After ridding themselves of the embarrassment and political liability that was Sen. Trent Lott of Mississippi, it appeared that the Republican Party had finally learned its lesson; in a society of racial diversity and justice there is no place for bigotry. But with President Bush’s recent renomination of U.S. District Judge Charles Pickering Sr. to the U.S. 5th Circuit Court of Appeals, it appears that it’s back to politics as usual for the Grand Old Party.

The main concerns regarding this nomination arises from Pickering’s lopsided legal past. In his time as a public servant, Pickering has been a vocal opponent of racial, civil and reproductive rights. In 1976, as chair of the Human Rights and Responsibilities Subcommittee for the Republican National Convention, Pickering approved a platform that challenged Roe v. Wade and called for a Constitutional amendment to ban abortion. And as a Mississippi state senator, Pickering voted against legislation to expand suffrage opportunities for African Americans after the Voting Rights Act in 1965.

Pickering’s most controversial act in the judiciary was his inappropriate handling of a 1994 cross burning case. Instead of complying with federal law, Pickering took unusual lengths in attempting to reduce the sentence of a man convicted of burning an eight-foot cross in the yard of an interracial couple and firing shots at their house. Pickering, who called the incident “a drunken prank,” threatened to order a new trial in the case, made phone calls to the home of one prosecutor and even attempted to bring his concerns to then Attorney General Janet Reno. His underhanded dealings and corrupt tactics were a misappropriation of his judicial power.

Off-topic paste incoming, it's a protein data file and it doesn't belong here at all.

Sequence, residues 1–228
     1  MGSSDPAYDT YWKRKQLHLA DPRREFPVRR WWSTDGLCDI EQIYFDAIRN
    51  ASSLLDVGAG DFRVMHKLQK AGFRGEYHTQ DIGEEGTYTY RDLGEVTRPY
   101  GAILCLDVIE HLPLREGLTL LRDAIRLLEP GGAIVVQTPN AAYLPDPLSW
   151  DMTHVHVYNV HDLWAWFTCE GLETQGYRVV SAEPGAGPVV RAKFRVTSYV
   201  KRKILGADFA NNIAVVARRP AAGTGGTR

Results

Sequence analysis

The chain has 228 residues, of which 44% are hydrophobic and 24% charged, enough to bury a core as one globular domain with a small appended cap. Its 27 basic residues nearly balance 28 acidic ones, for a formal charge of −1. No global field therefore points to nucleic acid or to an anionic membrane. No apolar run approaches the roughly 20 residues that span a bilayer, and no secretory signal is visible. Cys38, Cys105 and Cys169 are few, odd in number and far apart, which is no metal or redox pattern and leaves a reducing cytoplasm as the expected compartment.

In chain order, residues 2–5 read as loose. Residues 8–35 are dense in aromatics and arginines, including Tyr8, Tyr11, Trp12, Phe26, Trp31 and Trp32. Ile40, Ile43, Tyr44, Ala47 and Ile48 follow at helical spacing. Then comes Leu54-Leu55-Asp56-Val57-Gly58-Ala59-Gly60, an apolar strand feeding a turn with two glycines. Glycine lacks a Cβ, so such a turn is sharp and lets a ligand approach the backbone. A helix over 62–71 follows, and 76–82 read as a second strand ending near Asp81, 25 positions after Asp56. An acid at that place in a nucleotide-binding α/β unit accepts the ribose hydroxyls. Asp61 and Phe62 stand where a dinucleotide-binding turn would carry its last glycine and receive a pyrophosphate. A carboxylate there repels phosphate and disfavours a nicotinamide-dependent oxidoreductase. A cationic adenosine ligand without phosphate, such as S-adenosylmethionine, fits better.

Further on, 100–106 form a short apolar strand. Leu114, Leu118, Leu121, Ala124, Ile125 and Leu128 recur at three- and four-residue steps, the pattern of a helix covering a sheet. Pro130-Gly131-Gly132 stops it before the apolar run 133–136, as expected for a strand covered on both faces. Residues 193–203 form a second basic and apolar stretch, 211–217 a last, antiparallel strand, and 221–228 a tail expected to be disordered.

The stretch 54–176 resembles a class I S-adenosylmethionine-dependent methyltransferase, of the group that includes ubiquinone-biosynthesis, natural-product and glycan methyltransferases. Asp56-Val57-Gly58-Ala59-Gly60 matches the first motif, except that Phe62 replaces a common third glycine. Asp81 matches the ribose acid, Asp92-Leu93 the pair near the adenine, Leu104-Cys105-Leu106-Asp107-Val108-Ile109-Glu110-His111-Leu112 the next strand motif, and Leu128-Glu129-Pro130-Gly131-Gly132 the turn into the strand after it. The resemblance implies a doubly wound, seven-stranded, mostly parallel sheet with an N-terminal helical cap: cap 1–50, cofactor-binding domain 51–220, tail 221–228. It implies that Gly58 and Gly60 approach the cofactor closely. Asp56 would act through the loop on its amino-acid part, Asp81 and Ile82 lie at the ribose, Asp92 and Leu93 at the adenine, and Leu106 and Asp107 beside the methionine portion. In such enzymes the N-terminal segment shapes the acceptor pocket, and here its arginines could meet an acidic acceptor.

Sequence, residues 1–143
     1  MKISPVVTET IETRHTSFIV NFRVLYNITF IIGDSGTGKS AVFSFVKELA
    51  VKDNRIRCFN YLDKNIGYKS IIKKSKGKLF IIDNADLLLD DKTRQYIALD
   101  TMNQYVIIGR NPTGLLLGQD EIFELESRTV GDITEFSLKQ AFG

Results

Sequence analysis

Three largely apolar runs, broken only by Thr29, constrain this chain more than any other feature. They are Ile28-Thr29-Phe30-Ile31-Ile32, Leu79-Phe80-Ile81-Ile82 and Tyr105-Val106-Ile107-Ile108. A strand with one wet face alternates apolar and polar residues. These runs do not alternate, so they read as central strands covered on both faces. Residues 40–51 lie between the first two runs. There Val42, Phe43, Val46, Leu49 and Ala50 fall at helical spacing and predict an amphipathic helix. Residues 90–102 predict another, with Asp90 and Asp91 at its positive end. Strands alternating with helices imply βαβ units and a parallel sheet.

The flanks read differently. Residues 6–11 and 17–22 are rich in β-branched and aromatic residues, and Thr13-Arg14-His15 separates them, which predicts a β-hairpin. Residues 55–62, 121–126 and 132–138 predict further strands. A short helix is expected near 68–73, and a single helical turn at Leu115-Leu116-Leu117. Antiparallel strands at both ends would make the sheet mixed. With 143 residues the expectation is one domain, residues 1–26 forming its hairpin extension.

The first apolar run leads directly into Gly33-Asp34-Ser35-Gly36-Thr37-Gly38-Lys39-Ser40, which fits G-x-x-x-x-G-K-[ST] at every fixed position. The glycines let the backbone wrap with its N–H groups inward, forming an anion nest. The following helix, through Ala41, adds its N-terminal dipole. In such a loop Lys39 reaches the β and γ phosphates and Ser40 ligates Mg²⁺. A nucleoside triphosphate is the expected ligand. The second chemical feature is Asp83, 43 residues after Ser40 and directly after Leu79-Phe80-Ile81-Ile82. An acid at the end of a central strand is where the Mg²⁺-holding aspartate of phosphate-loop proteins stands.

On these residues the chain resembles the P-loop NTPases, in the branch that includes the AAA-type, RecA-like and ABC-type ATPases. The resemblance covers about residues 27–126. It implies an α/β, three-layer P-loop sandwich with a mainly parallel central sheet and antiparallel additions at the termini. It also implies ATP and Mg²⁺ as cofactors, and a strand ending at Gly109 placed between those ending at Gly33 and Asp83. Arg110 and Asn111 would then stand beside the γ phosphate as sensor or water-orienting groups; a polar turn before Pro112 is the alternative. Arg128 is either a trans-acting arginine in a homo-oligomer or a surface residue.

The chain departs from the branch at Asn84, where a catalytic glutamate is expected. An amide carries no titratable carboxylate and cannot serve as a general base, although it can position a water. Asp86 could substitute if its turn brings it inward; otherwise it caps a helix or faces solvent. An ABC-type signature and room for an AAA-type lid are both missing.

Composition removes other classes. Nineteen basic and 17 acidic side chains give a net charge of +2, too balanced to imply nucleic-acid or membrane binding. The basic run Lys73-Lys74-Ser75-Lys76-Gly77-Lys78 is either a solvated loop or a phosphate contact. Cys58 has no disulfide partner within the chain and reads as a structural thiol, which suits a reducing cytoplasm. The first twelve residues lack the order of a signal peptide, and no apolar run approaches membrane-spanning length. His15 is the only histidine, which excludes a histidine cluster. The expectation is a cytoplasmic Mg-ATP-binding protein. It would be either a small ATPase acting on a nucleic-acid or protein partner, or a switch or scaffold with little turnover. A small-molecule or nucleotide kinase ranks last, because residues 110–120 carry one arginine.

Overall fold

The GOP is willing to move on issues that garner lots of media attention, but on issues that slip underneath the radar, they are more likely to be racially provocative. Moves such as renominating Pickering for a Court of Appeals judgeship prove that Bush and the GOP will continue to support questionable political figures unless challenged in the media.

Pickering’s name does not carry with it the notoriety that Lott’s does. His attitude toward race and his legislative and judicial actions, however, make him just as inflammatory as Lott. Pickering’s renomination is as much an affront to justice as Lott’s former position as Senate majority leader.

The Republican Party has for many years been plagued by negative perceptions about its handling of race matters. After Lott stepped down, the party was afforded an opportunity to begin to change those perceptions by continuing to distance themselves from leaders like Lott and connecting with minority groups. By renominating Pickering, the GOP has shown that the sensitivity and commitment to racial justice they professed during the Lott fiasco were merely hollow overtures to minorities, transparent attempts to forge an inclusive image for a party tarnished with the stain of racial intolerance.

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